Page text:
Sand Point NAS - Seattle
THE BEGINNING   1920  -  1931

Page 1

Captain Nick Bontrop
Commanding Officer
Naval Station Puget Sound
November 16, 1990 to present
     As you read the history of Sand Point, you cannot help but note how frequently the mission of the naval station has changed over the years. However, one thing remained constant - the dedication and devotion of the men and women who have served, never waivered.
     From the inception, the station was confronted with many challenges, yet it continued to be a front-runner playing a valuable role in support of operational forces in the Pacific Fleet during Worls War II, the Korean Police Action, the Vietnam Conflict and most recently the Gulf War.  As our country geared down after each of these conflicts, Sand Point personnel were dedicated to ensure a high degree of readiness to counter any future unrest.

     With the cold war now behind us, we near the final stages of closing this historic military station. It seems appropriate at this time to reflect on our history and review our many successes and take pride in what has been accomplished. This book is dedicated to all those in history who have donated their time, properties, resources and sometimes even their lives in making Sand Point the fine naval station it was in the past, it is today and will continue to be as it takes its proper place in the annals of Naval History.

.....A maelstrom of change was sweeping over America in the early 1900s. Powered flight was barely a decade old, and had grasped the country’s imagination with its freedom of the skies. Boosterism pitted one city against the other, every community seeking to be the best, the brightest or the newest. The century was in its teens, and like an adolescent, knew no bounds.
.....World War I raged, and people witnessed the carnage that new flying technology unleashed in and above the trenches of Europe.World War I raged, and people witnessed the carnage that new flying technology unleashed in and above the trenches of Europe.
.....This was the backdrop for the inception and development of one of the nations first naval air stations.  The stage was the misty fjords and forest-choked lands of Puget Sound Basin winding deep into western Washington.  The cast was an unlikely mix of visionaries, public-minded citizens and military strategists.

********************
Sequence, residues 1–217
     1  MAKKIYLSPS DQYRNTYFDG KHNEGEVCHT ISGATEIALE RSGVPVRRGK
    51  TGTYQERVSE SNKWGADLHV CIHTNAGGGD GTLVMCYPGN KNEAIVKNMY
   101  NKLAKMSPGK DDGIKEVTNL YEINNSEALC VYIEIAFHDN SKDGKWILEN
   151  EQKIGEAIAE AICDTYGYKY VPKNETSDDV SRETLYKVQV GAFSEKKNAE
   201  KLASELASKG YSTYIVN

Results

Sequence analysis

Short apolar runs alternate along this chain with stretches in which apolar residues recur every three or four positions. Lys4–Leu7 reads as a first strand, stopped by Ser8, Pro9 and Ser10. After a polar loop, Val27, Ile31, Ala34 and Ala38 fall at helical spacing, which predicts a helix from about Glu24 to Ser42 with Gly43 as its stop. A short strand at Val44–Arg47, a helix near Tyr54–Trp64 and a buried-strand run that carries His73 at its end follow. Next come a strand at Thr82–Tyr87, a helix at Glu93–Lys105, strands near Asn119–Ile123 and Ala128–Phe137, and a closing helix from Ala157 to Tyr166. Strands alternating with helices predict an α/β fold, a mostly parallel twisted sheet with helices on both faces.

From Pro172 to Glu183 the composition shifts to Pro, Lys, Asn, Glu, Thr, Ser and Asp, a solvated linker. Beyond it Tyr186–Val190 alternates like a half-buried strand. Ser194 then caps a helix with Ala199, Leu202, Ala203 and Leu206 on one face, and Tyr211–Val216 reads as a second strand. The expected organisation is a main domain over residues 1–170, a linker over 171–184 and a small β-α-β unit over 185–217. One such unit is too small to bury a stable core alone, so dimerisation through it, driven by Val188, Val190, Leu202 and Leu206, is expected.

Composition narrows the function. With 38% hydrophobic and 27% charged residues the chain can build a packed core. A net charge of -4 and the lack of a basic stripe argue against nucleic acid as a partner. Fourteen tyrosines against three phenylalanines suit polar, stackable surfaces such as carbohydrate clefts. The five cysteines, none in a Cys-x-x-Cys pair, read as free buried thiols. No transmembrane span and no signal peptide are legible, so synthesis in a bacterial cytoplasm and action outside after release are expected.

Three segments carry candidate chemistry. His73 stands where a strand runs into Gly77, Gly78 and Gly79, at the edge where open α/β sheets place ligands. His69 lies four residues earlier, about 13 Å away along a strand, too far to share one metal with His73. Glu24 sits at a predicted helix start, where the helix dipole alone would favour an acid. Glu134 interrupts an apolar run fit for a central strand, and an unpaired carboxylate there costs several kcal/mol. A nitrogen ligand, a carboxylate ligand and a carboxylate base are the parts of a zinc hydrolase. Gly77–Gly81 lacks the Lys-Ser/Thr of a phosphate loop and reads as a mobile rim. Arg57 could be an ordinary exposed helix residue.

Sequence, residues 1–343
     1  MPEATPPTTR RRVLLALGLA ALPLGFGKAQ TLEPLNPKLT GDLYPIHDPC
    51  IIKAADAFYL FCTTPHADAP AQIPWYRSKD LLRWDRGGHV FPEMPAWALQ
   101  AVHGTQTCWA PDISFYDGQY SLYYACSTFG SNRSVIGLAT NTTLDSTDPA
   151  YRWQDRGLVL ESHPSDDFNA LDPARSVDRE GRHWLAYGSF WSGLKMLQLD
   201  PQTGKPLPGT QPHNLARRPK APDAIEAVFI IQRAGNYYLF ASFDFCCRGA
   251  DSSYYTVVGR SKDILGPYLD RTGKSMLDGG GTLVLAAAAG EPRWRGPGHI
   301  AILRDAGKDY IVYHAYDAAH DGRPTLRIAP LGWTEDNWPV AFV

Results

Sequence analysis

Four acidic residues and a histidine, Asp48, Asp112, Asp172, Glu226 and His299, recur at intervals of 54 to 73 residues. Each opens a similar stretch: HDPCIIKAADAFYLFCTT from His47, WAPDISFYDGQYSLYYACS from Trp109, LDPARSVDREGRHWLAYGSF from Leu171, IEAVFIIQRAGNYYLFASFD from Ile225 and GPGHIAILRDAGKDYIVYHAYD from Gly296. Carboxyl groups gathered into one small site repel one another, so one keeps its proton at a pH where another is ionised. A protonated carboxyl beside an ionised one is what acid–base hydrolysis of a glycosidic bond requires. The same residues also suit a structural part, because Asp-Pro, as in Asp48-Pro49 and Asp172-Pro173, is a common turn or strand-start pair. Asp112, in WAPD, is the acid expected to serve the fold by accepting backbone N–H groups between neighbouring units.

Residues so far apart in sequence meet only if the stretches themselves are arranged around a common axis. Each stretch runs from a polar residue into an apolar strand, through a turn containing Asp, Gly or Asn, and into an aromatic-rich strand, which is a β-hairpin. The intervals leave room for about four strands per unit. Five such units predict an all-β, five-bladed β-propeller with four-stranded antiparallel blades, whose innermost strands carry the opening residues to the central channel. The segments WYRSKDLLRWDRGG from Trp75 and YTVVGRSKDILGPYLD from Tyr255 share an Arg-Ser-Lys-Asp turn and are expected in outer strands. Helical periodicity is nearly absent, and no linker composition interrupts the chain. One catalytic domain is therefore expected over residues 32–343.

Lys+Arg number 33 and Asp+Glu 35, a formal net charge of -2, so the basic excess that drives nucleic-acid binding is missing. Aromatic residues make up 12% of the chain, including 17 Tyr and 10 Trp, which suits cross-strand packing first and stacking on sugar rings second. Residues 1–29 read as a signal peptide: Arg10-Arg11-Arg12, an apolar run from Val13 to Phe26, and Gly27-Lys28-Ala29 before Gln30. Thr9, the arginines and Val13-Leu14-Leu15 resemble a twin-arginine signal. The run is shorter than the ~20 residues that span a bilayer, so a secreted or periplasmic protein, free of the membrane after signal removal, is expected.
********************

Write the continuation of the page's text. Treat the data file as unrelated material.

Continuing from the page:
.....No one was questioning the potential of air power. As early as 1915 the state of Washington created an aeronautical section within its newly formed Naval Militia.  The section, as approved by the Navy Department, was small – a single officer and ten enlisted men, with Lt. Cmdr. W.B. Allison commanding.  The aeronautical section was aided by the Aero Club of the Northwest, with William E. Boeing, president of the Boeing Co., as club president.  Boeing had founded the club in 1915, and as early as 1919 was publicly proclaimed the virtues of a 400 acre airfield at Sand Point.  Two aviators, Terah T. Maroney and Herbert Munter, volunteered to become members of the Naval Militia and to develop the corps.  Munter, Boeing’s first employee, built the first plane in the Pacific Northwest – in his own backyard in 1912, and flew it successfully.
.....In private conversations, Munter said “…personally-owned land machine may be equipped with a pontoon and made a part of the naval militia equipment.”
.....The aero section was the second formed on the Pacific Coast, following the United States Aero Station in San Diego.
.....Maroney also offered to give his own time and efforts and loan his hydroplane for instruction of the Naval Militia of Washington.  On April 23, 1916, Maroney was commissioned as a lieutenant in the Naval Militia of Washington.  Simultaneously, the aeronautic section of the Naval Militia came into being.  The adjutant general of the National Guard had authorized the formation as well as accepting the loan of Maroney’s airplane April 18.